They like us, they really like us!
Well, they like Tim Hortons coffee anyway. And its decor and service, too, according to the latest survey of fast food chains from Zagat.
The restaurant guide ranked Canada’s most popular coffee and donut chain fifth overall in the “quick refreshments” category for 2012, the first time the chain made the top five, and up from 22nd spot last year. Tim Hortons also took fifth spot for service and decor.
Ahead of Timmies in the rankings were Caribou Coffee, in first place, followed by Rita’s Italian Ice, Peet’s Coffee/Tea and Culver’s.
Mike Meilleur, executive vice president for Tim Hortons U.S., said in a statement the company was “flattered” by its inclusion on the list, and that the listing was “an outstanding recognition” for the chain’s restaurant owners and workers.
“In my opinion, they’re definitely gaining recognition,” Edward Jones Co. restaurant analyst Brian Yarbrough told Bloomberg News. “Is that the coffee? Is that the ice coffees and the smoothies and food all combined? But definitely, when you’re putting up some of the best sales numbers in the industry I’ve got to believe you’re gaining some share.”
Tim Hortons has been expanding aggressively in the U.S. in recent years, opening a much-publicized Times Square location in 2009, and the chain now has more than 700 stores south of the border, located mostly in the northwest and midwest.
In Canada, the chain boasts of controlling 62 per cent of the coffee market.
Related on HuffPost:
24 Oz. Cup
Tim Hortons' <a href="http://www.huffingtonpost.ca/2012/01/16/tim-hortons-releases-larger-cup-coffee_n_1208677.html" target="_hplink">extra-large 24 oz. cup of coffee</a> might be enough for the amateur coffee drinkers, but we're holding our breath until they roll out a keg. <em>Photo credit: Tim Hortons Inc. </em>
Tim Hortons went head-to-head with Starbucks for coffee market domination when it started <a href="http://www.thestar.com/business/article/1079694--tim-hortons-to-offer-real-espresso-at-2-a-cup" target="_hplink">serving up espresso-based coffees</a>, including lattes, mocha lattes and cappuccinos for around $2 or less. <a href="http://www.torontolife.com/daily/daily-dish/caffeine-high/2011/11/16/tim-hortons-espresso-stuart-ross/" target="_hplink">How do they taste</a>? Well, they cost $2. <em>Photo credit: Tim Hortons Inc. </em>
"Would you like some lasagna with your coffee?" we <a href="http://www.huffingtonpost.ca/2011/10/17/tim-hortons-lasagna_n_1016236.html" target="_hplink">asked</a> back in October. Overwhelmingly, the answer was "No," followed by "ewwww." <em>Photo credit: Lisa Yeung</em>
Real Fruit Smoothies
The health craze is lost on some of us, and according to <a href="http://www2.macleans.ca/2011/05/02/smoothie-operator/" target="_hplink">many</a> <a href="http://www.avivaallen.com/General/tim-hortons-real-fruit-smoothies-buyer-beware.html" target="_hplink">many reviews</a>, Tim Hortons didn't quite get it right either when it introduced its Real Fruit Smoothies.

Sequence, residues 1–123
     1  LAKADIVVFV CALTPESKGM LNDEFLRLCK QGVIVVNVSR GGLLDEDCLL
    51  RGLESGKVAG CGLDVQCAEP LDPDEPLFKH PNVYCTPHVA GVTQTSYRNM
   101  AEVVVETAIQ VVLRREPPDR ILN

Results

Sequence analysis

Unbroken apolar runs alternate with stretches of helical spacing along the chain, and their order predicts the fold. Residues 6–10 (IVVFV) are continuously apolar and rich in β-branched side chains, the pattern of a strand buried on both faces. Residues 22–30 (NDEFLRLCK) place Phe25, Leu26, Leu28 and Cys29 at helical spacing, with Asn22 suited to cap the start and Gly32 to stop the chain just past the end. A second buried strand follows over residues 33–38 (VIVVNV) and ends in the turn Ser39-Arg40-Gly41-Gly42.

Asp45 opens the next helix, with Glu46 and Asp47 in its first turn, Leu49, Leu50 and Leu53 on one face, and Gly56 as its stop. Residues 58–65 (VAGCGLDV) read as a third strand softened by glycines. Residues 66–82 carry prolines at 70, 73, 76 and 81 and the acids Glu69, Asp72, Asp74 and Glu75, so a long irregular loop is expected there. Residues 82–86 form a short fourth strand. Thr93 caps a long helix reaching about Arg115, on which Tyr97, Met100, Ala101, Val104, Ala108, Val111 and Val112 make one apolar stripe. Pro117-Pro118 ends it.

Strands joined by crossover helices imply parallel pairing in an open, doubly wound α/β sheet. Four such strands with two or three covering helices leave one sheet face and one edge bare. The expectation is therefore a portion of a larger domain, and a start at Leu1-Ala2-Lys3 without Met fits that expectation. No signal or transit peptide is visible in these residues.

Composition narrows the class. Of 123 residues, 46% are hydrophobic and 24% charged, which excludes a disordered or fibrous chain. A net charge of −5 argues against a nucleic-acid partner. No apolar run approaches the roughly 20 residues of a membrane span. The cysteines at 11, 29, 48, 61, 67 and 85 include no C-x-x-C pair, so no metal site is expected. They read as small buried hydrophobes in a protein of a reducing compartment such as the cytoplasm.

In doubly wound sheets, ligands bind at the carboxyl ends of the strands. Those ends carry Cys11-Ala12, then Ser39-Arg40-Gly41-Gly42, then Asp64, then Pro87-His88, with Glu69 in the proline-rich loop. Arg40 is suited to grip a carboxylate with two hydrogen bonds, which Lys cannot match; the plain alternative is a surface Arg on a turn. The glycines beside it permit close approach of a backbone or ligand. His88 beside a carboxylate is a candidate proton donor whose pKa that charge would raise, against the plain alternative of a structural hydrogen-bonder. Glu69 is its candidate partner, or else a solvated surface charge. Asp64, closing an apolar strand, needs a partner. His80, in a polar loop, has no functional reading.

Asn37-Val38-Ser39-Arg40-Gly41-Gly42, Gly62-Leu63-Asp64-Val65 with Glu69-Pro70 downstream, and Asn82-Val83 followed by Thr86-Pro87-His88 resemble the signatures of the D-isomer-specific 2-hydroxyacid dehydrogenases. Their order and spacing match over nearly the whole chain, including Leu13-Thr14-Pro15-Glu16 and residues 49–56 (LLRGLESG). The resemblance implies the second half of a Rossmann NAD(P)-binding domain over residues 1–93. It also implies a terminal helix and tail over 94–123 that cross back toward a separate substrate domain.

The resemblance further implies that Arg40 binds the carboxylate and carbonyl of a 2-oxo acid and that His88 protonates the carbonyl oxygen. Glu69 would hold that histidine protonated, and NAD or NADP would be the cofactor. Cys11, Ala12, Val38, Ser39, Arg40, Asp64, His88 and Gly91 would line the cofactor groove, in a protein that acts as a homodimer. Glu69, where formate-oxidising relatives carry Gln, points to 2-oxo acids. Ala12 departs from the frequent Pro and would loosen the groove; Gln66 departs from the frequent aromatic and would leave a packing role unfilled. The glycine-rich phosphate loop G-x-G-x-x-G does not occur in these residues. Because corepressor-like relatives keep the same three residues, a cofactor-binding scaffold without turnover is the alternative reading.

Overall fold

Double Double Ice Cream
"I'll take two creams and two sugars. And hurry, before it melts!" Timmies teamed up with Cold Stone Creamery to concoct the <a href="http://www.huffingtonpost.ca/2011/08/30/tim-hortons-double-double_n_941875.html" target="_hplink">Double Double ice cream flavour</a> back in August, effectively combining one addiction with another.
5 Facts About Roll Up The Rim To Win
Photo: THE CANADIAN PRESS/Darryl Dyck
Biggest Prize In Its First Year: Timbits
When Timmies launched Roll Up The Rim in 1986 as a "thank-you" to customers, the largest prize was a snack box of Timbits. Needless to say, the contest has grown in scope since then. Photo: Flickr/Calgary Reviews
Uneven Prize Distribution
If you live on Prince Edward Island, your chances of winning a Roll Up The Rim prize are considerably better than if you live in Ontario. That's because Tim Hortons spreads prizes across the country according to geography, not population density. "<a href="http://www.cbc.ca/news/canada/story/2006/03/15/timhortons-060315.html" target="_hplink">If it was all equalized, some places like P.E.I. or New Brunswick might not get one at all</a>," a Timmies rep said. "This is just about trying to create some excitement." Photo: Flickr/n_wilsey
Roll Up The Rim: Kandahar Edition
Until last year, Timmies' famous promotion extended to its location in Afghanistan, which the company set up to serve Canadian soldiers. The Afghan version of the promo featured its own set of prizes, but Tim Hortons' presence in Agfhanistan has <a href="http://www.huffingtonpost.ca/2011/11/24/tim-hortons-pulls-out-of-kandahar_n_1111974.html" target="_hplink">come to a close with Canada's reduced role in the war</a>. Photo: Canadian troops in Kandahar, Afghanistan line up for donuts and coffee at Tim Hortons, Thursday Jun 29, 2006. (CP PHOTO/ John Cotter)
Only 56 Per Cent Can RRRoll Up The RRRim
According to a study commissioned by Tim Hortons, <a href="http://www.newswire.ca/en/story/780275/tim-hortons-roll-up-the-rim-to-win-celebrates-25-years-with-better-odds-one-in-six-chances-and-more-prizes-than-ever" target="_hplink">only 56 per cent of Canadians can roll their r's like the Timmies commercials show</a>. Only one in five can hold a rolled 'r' for more than 15 seconds, and men appear to be better at it than women. (Alamy photo)
387 Million Prizes In 25 Years
As one of the country's longest-running promotions, Roll Up the Rim has handed out some 387 million prizes since its launch. Says Bill Moir,Tim Hortons' chief brand and marketing officer: "Roll Up the Rim to Win is not only an important part of Tim Hortons' history, it has become an annual Canadian tradition." Photo: Tim Hortons President and CEO Donald B. Schroeder speaks at the company's AGM in Toronto on May 13, 2011. THE CANADIAN PRESS/Frank Gunn